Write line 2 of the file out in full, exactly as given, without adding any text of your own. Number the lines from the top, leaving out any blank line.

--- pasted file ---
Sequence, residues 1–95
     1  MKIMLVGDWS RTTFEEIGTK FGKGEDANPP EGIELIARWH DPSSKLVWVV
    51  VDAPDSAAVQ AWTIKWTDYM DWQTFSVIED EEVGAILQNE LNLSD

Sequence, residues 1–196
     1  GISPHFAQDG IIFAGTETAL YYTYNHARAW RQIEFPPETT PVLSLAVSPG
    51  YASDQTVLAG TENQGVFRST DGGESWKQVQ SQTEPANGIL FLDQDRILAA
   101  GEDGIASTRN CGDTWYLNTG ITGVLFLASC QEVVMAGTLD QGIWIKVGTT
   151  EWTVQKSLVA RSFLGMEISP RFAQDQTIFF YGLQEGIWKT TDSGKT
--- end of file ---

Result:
     1  MKIMLVGDWS RTTFEEIGTK FGKGEDANPP EGIELIARWH DPSSKLVWVV